Three kitchen knives lie scattered around a Work Sharp whetstone and a leather sheath.

How to Sharpen a Kitchen Knife Like a Pro

Learn effective strategies from a master bladesmith for maintaining sharp kitchen knives, ensuring safer and easier slicing, dicing, and chopping.

Keeping your kitchen knives sharp makes slicing, dicing, and chopping much easier and safer.

When I teach kids how to use kitchen knives, I always use a sharp blade rather than a dull one. It can be difficult to slice through an apple or a loaf of bread with a dull knife, which increases the likelihood of accidental cuts.

That’s not to say you should throw your knives away once they lose their razor-like edge. Today, I’ll explain how to sharpen kitchen knives to keep your blades in great shape for even the most challenging culinary tasks. I’ll also share some of the ways I keep my blades sharp in between sharpening sessions.

How Often Should You Sharpen Your Kitchen Knives?

There are two ways you can sharpen your kitchen knives:

  1. Touch up the edge with a honing rod to realign the burr.
  2. Fully sharpen with a stone or sharpener. 

If you use your kitchen knives frequently, sharpening them once a month is a good rule of thumb. Additionally, hit the edge on a honing rod once a week to keep the knife nice and precise between sharpening sessions.

Different Sharpening Tools and Methods

The most popular way to sharpen a chef’s knife is with a honing rod. For example, my mom has exclusively used a honing rod for years, and her knives are in good shape. However, using a honing rod and a stone or sharpener is the best way to sharpen a kitchen knife.

I recommend using a Work Sharp combination whetstone with 1,000 grit on one side and 6,000 grit on the other. On the finer side, you can remove some steel and reset the edge (sharpening). On the rougher side, you can refine the edge and reduce the burr (honing).

I don’t recommend the popular pull-through knife sharpeners you see at most big-box retailers. Because there’s only one point of contact on the stone, these sharpeners wear out quickly, and they don’t do nearly as good a job as whetstones.

A sharp chef’s nice is handy and makes preparing food much quicker (and safer). Many people don’t realize what they’re missing out on by using a dull chef’s knife, especially since resharpening knives isn’t very difficult.

Here’s how to sharpen kitchen knives using my favorite method — the combination whetstone.

Quote: How to Sharpen a Kitchen Knife Like a Pro

Best Way to Sharpen a Kitchen Knife

First thing’s first: When sharpening a chef’s knife with a whetstone, always keep the knife at a 15° angle.

Start on the 1,000-grit side of the whetstone. Reestablish the bevel on one side of the knife until you feel you’ve worked out the “dings” and flat spots on the edge. Then, flip to the other side and repeat. Create a burr before moving to the next side of the whetstone.

Next, flip the whetstone over to the 6,000-grit side. With lighter pressure, take alternating passes from side to side on the blade until you’ve honed the burr down and feel you have a consistent, fine, clean edge. Finish the knife with a leather strop or a fine ceramic rod to remove any excess heavy burr.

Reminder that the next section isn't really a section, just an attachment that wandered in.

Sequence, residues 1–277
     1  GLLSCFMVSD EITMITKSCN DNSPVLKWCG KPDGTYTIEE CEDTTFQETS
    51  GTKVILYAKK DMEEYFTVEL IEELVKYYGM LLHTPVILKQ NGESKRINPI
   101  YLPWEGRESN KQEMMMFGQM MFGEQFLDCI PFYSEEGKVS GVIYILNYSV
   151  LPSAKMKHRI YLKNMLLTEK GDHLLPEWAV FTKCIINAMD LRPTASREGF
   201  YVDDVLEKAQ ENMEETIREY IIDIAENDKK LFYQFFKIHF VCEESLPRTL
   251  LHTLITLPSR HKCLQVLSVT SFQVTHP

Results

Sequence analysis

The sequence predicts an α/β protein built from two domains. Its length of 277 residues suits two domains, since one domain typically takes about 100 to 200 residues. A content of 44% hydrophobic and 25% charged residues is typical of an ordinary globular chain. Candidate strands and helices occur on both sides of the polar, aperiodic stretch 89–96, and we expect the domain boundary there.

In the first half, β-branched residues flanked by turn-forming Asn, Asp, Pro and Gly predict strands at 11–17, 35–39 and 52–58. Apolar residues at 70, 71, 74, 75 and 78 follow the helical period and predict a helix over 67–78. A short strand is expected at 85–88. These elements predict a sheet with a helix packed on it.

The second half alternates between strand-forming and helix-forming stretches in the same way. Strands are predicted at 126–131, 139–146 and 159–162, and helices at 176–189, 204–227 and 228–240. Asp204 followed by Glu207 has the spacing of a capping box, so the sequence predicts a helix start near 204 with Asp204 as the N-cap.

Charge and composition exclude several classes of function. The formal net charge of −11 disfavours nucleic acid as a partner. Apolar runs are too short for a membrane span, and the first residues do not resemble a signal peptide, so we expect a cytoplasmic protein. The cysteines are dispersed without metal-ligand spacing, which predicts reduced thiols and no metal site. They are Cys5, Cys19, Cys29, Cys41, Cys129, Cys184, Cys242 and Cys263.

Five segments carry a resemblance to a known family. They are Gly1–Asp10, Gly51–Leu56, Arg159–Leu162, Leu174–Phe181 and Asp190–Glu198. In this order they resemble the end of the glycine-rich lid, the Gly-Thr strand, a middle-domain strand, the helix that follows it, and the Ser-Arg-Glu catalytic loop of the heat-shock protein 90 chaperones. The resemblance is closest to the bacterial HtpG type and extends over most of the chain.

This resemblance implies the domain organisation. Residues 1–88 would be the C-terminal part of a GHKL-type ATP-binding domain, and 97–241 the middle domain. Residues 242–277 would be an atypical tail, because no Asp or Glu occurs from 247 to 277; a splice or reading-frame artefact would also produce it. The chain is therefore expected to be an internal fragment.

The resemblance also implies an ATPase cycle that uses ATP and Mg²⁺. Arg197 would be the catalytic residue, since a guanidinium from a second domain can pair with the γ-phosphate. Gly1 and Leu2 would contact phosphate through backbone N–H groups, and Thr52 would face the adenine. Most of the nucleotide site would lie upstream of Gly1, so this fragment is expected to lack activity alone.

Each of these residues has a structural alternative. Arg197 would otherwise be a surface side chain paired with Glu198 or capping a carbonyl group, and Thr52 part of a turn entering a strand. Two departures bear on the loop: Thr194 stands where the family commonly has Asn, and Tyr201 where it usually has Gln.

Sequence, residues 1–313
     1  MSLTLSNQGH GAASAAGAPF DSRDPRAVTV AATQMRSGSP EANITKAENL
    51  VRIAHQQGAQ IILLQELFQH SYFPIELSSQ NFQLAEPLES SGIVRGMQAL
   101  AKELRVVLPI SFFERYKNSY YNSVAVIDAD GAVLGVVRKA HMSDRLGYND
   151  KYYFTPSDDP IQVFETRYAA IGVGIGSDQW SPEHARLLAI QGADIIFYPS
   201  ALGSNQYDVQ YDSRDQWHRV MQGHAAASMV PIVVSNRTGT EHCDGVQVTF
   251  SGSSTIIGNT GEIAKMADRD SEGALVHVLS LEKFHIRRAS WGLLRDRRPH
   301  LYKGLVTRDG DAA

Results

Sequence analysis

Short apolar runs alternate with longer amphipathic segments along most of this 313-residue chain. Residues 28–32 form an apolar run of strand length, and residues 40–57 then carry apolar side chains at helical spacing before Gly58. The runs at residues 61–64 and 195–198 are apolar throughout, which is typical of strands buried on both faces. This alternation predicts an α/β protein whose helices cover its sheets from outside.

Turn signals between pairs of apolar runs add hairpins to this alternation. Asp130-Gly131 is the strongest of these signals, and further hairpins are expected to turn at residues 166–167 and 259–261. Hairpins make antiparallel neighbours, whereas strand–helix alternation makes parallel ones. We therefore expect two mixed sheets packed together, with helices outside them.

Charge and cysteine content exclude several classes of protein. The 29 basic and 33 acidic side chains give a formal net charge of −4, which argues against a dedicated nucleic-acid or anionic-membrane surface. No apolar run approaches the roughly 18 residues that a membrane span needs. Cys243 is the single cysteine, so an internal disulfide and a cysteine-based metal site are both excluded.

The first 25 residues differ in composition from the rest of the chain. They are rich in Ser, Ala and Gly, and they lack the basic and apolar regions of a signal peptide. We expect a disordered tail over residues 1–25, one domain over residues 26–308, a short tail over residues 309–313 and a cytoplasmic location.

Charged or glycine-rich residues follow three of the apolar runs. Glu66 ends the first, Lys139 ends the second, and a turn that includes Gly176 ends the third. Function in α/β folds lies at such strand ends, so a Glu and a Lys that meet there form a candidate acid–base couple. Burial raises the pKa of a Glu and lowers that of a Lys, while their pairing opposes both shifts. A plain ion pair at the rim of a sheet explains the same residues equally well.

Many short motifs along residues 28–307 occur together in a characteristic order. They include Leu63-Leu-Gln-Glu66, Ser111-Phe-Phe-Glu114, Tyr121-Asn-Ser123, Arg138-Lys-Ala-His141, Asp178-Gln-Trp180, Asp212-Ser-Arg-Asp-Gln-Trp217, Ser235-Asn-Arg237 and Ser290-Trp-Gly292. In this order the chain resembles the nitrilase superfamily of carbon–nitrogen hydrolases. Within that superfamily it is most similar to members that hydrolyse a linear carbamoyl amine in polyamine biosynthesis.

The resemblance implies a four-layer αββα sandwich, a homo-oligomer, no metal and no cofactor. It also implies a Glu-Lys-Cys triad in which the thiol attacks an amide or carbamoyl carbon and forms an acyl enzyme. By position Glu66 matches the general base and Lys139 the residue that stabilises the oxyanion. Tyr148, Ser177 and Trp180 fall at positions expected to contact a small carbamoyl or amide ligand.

Maintaining the Correct Angle: Tips and Tricks

I’ve met several knife owners who are hesitant to use a whetstone, mostly because they’re afraid of getting the angle wrong.

I always encourage these owners to use a Work Sharp combination whetstone. The sharpener comes with reversible pieces at the end of the stone that are preset to create a 15° or 17° angle. These pieces are also removable if you want them out of your way.

Still nervous about ruining your nice set of kitchen knives? Practice on a cheaper knife. If you take your time and follow the instructions above, your knife will be safe.

It also helps to know whether you’re using a water or oil stone. As evidenced by the name, a water stone needs to be used with water, and an oil stone needs to be used with — you guessed it — oil.

If the stone is dry, it’ll take damage during sharpening. Water stones are softer than oil stones, so be sure to wash them with soap and water to clean off excess material after a sharpening session.

What’s the Best Way to Test a Kitchen Knife’s Sharpness?

You can test a kitchen knife’s sharpness in a few different ways. Some owners like to run their knife along a fingernail, but I prefer cutting paper. It’s safe, and the paper will absolutely show you if there’s a dead or damaged spot on the blade.

Use fine paper, like newspaper, for the best results. The knife edge will either hang up, slide across the paper without cutting, or glide through the paper, which is the ideal result.

How Can I Prolong the Lifespan of My Kitchen Knife?

Want to extend the lifespan of your kitchen knives and prolong the time between sharpening? Hone your knives with a rod every week or so to realign the microserrations on the blade.

It’s also wise to place your kitchen knives in a sheath. Not only will this keep your blades sharper for longer by preventing them from banging against other silverware, but it also protects children (and adults!) who reach into a knife drawer without realizing a sharp blade is inside.

Finally, don’t put your kitchen knives in the dishwasher or soak them in water. The sheaths, especially, shouldn’t go through the dishwasher — they can melt from the heat.

Now that you know the best way to sharpen a kitchen knife, your blades will keep cutting for generations. But if you ever feel in over your head, you can always send your Montana Knife Company blades back to us, and we’ll resharpen and restore them for free.


by Josh Smith, Master Bladesmith and Founder of Montana Knife Company